Sodium bicarbonate (SB) is an ergogenic supplement shown to improve high-intensity exercise via increased blood bicarbonate buffering. Substantial amounts of the ingested bicarbonate are neutralized in the stomach. Bariatric surgery results in a small gastric pouch which dramatically reduces exposure time of any ingested food in the stomach. The aim of this study was to examine the pharmacokinetics of orally ingested SB in a postgastric bypass individual to determine the magnitude of changes in blood bicarbonate and associated side effects. We hypothesized that SB supplementation in a gastric bypass model would result in greater blood bicarbonate increases and fewer side effects than in healthy individuals due to minimal bicarbonate losses in the stomach. One postbariatric male ingested 0.3 g/kg·body mass of SB on three occasions (SB1, SB2, and SB3) and 0.3 g/kg·body mass of placebo on a further occasion. Blood bicarbonate was determined before and every 10 min following supplement ingestion for 3 hr and then every 20 min for a further 1 hr. Side effects were reported using an adapted questionnaire at identical time points. Maximal increases in blood bicarbonate with SB were +20.0, +15.2, and +12.6 mM, resulting in maximal bicarbonate concentrations of 42.8, 39.3, and 36.2 mM. Area under the curve was SB1: 8,328 mM/min; SB2: 7,747 mM/min; SB3: 7,627 mM/min, and 6,436 mM/min for placebo. Side effects with SB were scarce. Maximal bicarbonate increases were well above those shown previously, with minimal side effects, indicative of minimal neutralization of bicarbonate in the stomach. The large increases in circulating bicarbonate and minimal side effects experienced by our postgastric surgery bypass patient are indicative that minimizing neutralization of bicarbonate in the stomach, as would occur with enteric coated capsules, may optimize SB supplementation and thus warrants investigation.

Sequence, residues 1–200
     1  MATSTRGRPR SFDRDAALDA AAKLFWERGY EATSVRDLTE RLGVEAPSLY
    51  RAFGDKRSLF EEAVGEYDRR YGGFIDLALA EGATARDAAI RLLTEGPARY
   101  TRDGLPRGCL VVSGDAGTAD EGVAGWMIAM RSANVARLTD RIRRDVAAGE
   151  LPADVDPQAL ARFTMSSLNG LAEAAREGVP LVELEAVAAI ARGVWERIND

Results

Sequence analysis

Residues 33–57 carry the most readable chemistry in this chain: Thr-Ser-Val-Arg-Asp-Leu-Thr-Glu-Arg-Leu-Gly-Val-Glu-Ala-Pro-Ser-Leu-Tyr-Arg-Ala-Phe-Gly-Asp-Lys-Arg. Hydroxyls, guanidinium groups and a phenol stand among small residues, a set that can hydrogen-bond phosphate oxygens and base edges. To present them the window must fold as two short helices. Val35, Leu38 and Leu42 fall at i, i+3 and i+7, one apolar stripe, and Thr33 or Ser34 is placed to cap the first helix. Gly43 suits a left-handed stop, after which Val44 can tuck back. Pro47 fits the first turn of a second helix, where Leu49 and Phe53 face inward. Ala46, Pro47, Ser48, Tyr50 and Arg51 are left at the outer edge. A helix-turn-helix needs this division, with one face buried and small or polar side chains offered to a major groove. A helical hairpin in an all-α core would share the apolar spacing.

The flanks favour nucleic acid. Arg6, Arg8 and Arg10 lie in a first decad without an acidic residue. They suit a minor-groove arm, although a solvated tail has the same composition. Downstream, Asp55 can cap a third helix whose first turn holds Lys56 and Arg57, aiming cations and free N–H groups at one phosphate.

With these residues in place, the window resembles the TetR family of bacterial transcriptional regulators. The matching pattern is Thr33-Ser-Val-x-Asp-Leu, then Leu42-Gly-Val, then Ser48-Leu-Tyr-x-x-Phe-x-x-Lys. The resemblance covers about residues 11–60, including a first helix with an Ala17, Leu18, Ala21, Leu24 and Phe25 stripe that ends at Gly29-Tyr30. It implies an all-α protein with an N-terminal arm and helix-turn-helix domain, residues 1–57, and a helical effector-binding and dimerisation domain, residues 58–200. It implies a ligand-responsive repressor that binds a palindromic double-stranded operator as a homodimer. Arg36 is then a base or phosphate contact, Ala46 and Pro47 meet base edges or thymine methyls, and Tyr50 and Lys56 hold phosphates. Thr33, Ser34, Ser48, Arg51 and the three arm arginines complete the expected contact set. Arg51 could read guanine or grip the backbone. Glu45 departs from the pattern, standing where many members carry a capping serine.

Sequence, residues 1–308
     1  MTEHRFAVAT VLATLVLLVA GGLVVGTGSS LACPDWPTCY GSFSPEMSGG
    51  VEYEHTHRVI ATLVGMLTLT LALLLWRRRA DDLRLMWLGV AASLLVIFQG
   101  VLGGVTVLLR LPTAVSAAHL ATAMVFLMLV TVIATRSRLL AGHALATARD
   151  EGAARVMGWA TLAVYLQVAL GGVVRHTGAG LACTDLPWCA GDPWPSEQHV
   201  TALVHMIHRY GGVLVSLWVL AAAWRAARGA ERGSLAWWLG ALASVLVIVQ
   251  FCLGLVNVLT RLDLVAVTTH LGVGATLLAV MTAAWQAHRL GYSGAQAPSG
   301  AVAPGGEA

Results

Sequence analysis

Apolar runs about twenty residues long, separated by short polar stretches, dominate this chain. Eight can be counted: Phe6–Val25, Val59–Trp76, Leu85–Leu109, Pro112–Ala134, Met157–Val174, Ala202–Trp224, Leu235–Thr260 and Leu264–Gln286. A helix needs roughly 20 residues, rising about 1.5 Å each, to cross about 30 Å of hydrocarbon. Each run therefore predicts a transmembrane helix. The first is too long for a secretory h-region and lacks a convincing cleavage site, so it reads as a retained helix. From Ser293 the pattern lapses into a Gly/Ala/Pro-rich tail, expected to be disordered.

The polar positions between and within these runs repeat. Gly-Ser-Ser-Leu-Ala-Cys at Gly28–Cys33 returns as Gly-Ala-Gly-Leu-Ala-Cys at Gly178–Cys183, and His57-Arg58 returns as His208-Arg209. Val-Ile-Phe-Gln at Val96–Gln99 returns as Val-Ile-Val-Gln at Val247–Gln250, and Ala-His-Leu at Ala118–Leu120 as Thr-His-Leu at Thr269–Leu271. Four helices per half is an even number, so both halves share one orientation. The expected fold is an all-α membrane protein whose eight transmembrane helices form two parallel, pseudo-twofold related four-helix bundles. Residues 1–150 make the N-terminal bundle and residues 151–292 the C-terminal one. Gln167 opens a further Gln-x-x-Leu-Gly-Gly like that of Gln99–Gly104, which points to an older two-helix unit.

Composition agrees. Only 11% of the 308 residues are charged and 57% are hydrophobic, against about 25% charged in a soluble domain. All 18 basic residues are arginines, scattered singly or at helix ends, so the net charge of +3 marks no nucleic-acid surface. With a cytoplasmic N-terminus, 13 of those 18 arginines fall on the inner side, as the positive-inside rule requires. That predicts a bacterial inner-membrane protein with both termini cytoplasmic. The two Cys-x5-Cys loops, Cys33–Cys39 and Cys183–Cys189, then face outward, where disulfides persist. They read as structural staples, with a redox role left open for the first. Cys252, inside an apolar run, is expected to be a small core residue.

Luana Farias de Oliveira, Bryan Saunders, and Guilherme Giannini Artioli
Gabriel Barreto, Luana Farias de Oliveira, Tiemi Saito, Rafael Klosterhoff, Pedro Perim, Eimear Dolan, Rosa Maria R. Pereira, Patrícia Campos-Ferraz, Fernanda R. Lima, and Bryan Saunders